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Customer Discussions > History forum

America's Worst Traitors

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Showing 26-50 of 294 posts in this discussion
Posted on Dec 12, 2010 11:53:50 PM PST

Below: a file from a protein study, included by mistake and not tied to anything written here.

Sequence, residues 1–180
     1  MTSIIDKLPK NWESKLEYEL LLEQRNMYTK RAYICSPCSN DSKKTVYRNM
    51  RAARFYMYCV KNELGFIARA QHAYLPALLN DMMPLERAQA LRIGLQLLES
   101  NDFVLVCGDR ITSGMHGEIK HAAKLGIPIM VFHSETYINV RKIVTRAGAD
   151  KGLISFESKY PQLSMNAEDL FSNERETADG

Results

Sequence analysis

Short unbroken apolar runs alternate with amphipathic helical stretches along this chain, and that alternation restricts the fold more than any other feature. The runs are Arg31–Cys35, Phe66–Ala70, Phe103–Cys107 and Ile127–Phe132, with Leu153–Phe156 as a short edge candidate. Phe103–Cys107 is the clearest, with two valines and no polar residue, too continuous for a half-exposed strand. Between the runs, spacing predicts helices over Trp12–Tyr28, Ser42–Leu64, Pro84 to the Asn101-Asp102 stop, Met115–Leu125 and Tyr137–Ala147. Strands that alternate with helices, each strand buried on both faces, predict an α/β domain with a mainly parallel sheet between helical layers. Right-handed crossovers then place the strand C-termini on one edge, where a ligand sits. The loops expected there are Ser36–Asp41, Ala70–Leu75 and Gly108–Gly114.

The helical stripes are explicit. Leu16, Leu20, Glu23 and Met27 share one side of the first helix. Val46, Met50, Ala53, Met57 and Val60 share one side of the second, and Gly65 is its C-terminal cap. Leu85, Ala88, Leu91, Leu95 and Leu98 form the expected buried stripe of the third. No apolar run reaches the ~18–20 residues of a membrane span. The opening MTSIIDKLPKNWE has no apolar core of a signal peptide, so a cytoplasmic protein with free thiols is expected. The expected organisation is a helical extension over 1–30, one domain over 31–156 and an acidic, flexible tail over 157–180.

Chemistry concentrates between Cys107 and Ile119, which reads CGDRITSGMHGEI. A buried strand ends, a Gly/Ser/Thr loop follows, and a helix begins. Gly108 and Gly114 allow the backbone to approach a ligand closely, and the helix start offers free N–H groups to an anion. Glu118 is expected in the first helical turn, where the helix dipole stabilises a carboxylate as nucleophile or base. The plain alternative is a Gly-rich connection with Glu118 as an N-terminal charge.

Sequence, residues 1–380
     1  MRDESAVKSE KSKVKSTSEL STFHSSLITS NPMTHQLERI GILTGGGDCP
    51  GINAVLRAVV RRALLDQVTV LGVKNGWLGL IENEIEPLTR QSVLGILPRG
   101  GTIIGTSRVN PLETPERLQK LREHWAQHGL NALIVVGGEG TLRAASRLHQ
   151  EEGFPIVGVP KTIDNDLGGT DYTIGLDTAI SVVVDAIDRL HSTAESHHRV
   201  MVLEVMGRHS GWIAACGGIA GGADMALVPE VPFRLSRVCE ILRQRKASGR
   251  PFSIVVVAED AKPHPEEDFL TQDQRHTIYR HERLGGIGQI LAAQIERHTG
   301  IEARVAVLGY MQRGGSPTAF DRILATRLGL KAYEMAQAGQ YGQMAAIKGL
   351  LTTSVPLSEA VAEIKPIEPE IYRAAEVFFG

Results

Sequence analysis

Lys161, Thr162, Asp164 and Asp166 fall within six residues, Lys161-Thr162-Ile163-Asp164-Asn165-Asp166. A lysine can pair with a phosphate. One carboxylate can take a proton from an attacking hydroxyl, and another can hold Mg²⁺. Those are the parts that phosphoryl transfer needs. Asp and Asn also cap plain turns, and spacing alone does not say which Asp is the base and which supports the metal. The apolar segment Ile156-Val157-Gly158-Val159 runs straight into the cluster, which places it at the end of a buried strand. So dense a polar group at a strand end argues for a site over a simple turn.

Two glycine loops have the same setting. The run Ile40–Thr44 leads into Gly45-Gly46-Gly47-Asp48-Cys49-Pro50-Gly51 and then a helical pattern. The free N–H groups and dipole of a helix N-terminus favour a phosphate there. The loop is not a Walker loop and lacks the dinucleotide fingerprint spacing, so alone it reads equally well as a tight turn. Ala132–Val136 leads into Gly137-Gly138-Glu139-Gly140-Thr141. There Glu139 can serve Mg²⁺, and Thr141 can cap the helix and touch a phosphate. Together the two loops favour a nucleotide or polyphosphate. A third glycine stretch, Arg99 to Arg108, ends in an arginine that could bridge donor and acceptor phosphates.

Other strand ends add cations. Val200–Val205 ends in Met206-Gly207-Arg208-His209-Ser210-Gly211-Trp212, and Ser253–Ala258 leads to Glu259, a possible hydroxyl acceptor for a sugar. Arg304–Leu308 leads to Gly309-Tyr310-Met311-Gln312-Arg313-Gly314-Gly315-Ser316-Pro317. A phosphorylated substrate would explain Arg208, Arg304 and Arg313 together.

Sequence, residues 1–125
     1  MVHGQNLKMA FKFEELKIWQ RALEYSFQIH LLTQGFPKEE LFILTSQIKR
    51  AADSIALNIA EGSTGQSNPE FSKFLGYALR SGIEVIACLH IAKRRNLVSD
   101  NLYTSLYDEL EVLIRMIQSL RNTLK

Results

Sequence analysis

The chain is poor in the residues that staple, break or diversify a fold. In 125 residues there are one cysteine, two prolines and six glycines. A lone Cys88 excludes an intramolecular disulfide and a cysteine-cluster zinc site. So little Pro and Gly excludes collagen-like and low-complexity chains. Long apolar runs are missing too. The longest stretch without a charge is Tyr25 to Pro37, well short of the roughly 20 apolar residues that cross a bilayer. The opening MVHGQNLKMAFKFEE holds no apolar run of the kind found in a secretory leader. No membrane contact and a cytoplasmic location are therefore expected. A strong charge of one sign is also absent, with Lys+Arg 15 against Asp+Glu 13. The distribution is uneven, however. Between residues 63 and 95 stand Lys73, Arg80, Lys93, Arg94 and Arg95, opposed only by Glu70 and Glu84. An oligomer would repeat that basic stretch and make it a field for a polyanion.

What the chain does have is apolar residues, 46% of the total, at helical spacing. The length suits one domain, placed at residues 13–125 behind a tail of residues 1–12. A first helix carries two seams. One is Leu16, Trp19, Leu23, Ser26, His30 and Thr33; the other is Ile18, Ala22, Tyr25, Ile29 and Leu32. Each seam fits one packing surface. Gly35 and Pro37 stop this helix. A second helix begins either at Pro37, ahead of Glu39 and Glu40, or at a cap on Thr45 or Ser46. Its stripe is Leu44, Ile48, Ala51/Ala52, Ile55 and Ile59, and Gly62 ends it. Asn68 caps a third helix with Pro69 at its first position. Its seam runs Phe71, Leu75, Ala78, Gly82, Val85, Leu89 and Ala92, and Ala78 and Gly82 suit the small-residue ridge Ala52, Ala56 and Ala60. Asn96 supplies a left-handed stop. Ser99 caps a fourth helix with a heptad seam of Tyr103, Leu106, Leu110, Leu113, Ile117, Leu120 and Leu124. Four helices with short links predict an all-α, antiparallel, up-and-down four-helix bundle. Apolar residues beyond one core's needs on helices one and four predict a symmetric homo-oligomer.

McCarthy, no. In his original list of names, a large majority of the list has been proven to have some sort of connection with the USSR by either the venoa cables or mitrokhin archieve. The only reason I list Roosevelt and Truman are based on their closest advisors. I cannot prove that either espionage against the United States. It is rather strange, to me, that a large amount of soviet spies were in both administrations closest offices(such as the state and the defense offices as well as close advisors. HDW and Alger Hiss being prime examples of Soviet Spies). As for Lee, he was not a traitor(and neather was Jefferson Davis). The biggest problem with the American War between the States is that both sides were right-and both sides were wrong. The Confederacy as a movement was more of a political movement of citizens within states that felt that their constitutional liberties were being invaded. Northern aggression with legislation and radical reform groups were at the heart of the reasons for Southern succession. Now, the institution of slavery was wrong, and it was a major factor in the succession of the South(although not the only reason). But to say that the "emancipation of slavery was the direct cause for the war" is an invalid statement. Southern legislation in the Confederacy actually intended on ending the institution of slavery(although not giving blacks the right to vote or own large property or the right to choose new fields of work). Jefferson Davis himself has written on the issue, in which in letters dated from 1866, he regards slavery as not being a major issue, That by radical reform and by fast legislation, the issue becomes exploding and violent towards personal liberty. For any succession group, they should not be labeled as traitors. Up until the 1860's, the right to succession had always been perceived as a common right guaranteed by the constitution. Some groups(in NE) wanted to succeed prior to the war of 1812. Jefferson himself declared that "nothing is wrong with a little rebellion now and then". Rebellions and acts of succession end of shaping society, for better or for worst. Succession has taught federal governments the meaning of "liberty and freedom". So, if you think more logically, the succession of the South may have been a good thing. Direct results of the war include: Black emancipation, grow of large companies, more sturdy federal government, improved education, expansion of medical knowledge, military growth, and redefinition of "the American Dream".